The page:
AU - Yu, Nxian

AU - Mestan, Karen

AU - Pearson, Colleen

AU - Ortiz, Katherin

AU - Porta, Nicolas

AU - Thorsen, Poul

AU - Skogstrand, Kristin

AU - Hougaard, David M.

AU - Zuckerman, Barry

AU - Wang, Xiaobin

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N2 - OBJECTIVES. Inflammation has been associated with preterm delivery and adverse neonatal outcomes such as cerebral palsy and chronic lung disease. However, no study to date has simultaneously examined a wide range of inflammatory mediators and their relationship to gestational age. We sought to describe the distribution of immune biomarkers in cord blood across gestational age and to investigate the association between biomarker level patterns and preterm birth. PATIENTS AND METHODS. As part of a large-scale molecular epidemiological study of preterm birth conducted at Boston Medical Center, this study analyzed both clinical and biomarker data from 927 births. Twenty-seven biomarkers were simultaneously quantified by immunoassay. The associations between the quartiles of 27 biomarkers and 3 gestational groups (≤32, 33-36, and ≥37 weeks) were analyzed. Biomarkers found to be significant were further analyzed for dose-response correlation with preterm birth by logistic regression, adjusted for pertinent demographic and clinical factors. RESULTS. The 27 biomarkers could be classified into 1 of 3 groups: (1) biomarkers increased in preterm birth (interleukin [IL]-2, IL-4, IL-5, IL-8, IL-10, monocyte chemoattractant protein 1, macrophage inflammatory protein [MIP]-1α, MIP-1β, soluble IL-6 receptor α, tumor necrosis factor α, soluble tumor necrosis factor receptor I, and TREM-1 [triggering receptor expressed on myeloid cells 1]); (2) biomarkers decreased in preterm birth (brain-derived neurotrophic factor, IL-1β, IL-18, matrix metalloproteinase 9, and neurotrophin 3); and (3) biomarkers not associated with preterm birth (IL-6, IL-12, IL-17, granulocyte/macrophage colony-stimulating factor, interferon γ, macrophage migration inhibitory factor, neurotrophin 4, RANTES [regulated on activation, normal T-cell expressed and secreted], transforming growth factor β, and tumor necrosis factor β). CONCLUSIONS. Biomarkers have different directions of association with prematurity; for significant biomarkers, the strength of association increases with biomarker concentration. Our results provide important information that could be used to guide additional studies aimed at determining mechanisms that contribute to preterm birth.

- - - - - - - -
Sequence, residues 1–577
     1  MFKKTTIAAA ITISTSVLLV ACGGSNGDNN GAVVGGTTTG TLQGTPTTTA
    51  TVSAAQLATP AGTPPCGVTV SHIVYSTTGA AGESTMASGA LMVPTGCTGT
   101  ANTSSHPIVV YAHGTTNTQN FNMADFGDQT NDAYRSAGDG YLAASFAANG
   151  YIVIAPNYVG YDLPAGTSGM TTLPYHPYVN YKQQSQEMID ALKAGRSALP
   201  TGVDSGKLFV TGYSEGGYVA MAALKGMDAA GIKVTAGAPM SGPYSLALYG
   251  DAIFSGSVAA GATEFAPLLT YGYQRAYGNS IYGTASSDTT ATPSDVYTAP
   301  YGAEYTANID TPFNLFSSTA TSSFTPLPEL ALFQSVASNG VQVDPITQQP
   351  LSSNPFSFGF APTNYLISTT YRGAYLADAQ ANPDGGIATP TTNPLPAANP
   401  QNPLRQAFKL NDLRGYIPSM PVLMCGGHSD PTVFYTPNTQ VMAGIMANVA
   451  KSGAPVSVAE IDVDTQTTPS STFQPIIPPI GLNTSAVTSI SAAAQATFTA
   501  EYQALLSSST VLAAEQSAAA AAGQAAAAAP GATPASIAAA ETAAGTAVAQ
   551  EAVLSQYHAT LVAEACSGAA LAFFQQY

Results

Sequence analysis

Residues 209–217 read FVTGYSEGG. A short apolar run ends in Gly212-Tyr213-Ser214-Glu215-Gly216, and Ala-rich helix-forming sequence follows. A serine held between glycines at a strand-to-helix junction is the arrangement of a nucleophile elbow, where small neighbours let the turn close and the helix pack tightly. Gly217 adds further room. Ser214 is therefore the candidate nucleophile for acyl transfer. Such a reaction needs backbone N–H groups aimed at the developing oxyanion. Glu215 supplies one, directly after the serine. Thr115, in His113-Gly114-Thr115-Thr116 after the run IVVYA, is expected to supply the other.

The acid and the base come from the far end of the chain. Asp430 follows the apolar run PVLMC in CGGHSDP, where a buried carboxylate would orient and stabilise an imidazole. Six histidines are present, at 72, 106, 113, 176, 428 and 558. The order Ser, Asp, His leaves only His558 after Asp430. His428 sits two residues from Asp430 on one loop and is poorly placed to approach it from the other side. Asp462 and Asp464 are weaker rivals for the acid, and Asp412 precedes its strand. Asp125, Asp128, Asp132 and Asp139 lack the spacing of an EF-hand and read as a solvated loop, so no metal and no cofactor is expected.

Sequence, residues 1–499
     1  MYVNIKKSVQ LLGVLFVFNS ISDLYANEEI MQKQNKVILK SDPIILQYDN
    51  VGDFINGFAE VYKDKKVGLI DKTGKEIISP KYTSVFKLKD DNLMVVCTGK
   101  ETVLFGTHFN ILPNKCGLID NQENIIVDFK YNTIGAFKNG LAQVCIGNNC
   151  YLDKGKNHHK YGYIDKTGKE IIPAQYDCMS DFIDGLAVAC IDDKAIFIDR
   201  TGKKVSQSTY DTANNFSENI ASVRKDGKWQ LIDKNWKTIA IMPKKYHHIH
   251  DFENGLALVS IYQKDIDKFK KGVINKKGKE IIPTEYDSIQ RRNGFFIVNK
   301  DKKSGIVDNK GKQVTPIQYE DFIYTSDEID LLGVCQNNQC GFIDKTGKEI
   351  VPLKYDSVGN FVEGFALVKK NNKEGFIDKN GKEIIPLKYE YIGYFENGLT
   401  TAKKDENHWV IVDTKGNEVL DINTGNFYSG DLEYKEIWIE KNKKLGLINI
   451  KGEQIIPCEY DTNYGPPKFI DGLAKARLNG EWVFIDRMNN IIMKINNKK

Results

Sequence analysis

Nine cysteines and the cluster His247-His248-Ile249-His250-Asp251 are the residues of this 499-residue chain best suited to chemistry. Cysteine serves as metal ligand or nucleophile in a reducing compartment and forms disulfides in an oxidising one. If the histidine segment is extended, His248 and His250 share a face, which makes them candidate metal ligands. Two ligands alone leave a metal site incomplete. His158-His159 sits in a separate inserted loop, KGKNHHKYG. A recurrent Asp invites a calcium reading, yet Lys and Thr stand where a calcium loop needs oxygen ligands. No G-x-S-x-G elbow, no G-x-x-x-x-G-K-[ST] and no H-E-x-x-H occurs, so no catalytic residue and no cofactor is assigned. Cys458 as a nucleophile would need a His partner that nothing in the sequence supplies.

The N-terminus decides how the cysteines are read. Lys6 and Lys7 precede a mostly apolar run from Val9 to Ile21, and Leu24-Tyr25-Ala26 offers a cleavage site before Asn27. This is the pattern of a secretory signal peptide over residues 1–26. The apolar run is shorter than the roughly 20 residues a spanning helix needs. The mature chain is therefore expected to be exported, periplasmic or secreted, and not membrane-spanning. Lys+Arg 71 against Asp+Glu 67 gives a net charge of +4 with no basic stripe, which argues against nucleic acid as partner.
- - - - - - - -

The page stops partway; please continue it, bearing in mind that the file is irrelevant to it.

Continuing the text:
AB - OBJECTIVES. Inflammation has been associated with preterm delivery and adverse neonatal outcomes such as cerebral palsy and chronic lung disease. However, no study to date has simultaneously examined a wide range of inflammatory mediators and their relationship to gestational age. We sought to describe the distribution of immune biomarkers in cord blood across gestational age and to investigate the association between biomarker level patterns and preterm birth. PATIENTS AND METHODS. As part of a large-scale molecular epidemiological study of preterm birth conducted at Boston Medical Center, this study analyzed both clinical and biomarker data from 927 births. Twenty-seven biomarkers were simultaneously quantified by immunoassay. The associations between the quartiles of 27 biomarkers and 3 gestational groups (≤32, 33-36, and ≥37 weeks) were analyzed. Biomarkers found to be significant were further analyzed for dose-response correlation with preterm birth by logistic regression, adjusted for pertinent demographic and clinical factors. RESULTS. The 27 biomarkers could be classified into 1 of 3 groups: (1) biomarkers increased in preterm birth (interleukin [IL]-2, IL-4, IL-5, IL-8, IL-10, monocyte chemoattractant protein 1, macrophage inflammatory protein [MIP]-1α, MIP-1β, soluble IL-6 receptor α, tumor necrosis factor α, soluble tumor necrosis factor receptor I, and TREM-1 [triggering receptor expressed on myeloid cells 1]); (2) biomarkers decreased in preterm birth (brain-derived neurotrophic factor, IL-1β, IL-18, matrix metalloproteinase 9, and neurotrophin 3); and (3) biomarkers not associated with preterm birth (IL-6, IL-12, IL-17, granulocyte/macrophage colony-stimulating factor, interferon γ, macrophage migration inhibitory factor, neurotrophin 4, RANTES [regulated on activation, normal T-cell expressed and secreted], transforming growth factor β, and tumor necrosis factor β). CONCLUSIONS. Biomarkers have different directions of association with prematurity; for significant biomarkers, the strength of association increases with biomarker concentration. Our results provide important information that could be used to guide additional studies aimed at determining mechanisms that contribute to preterm birth.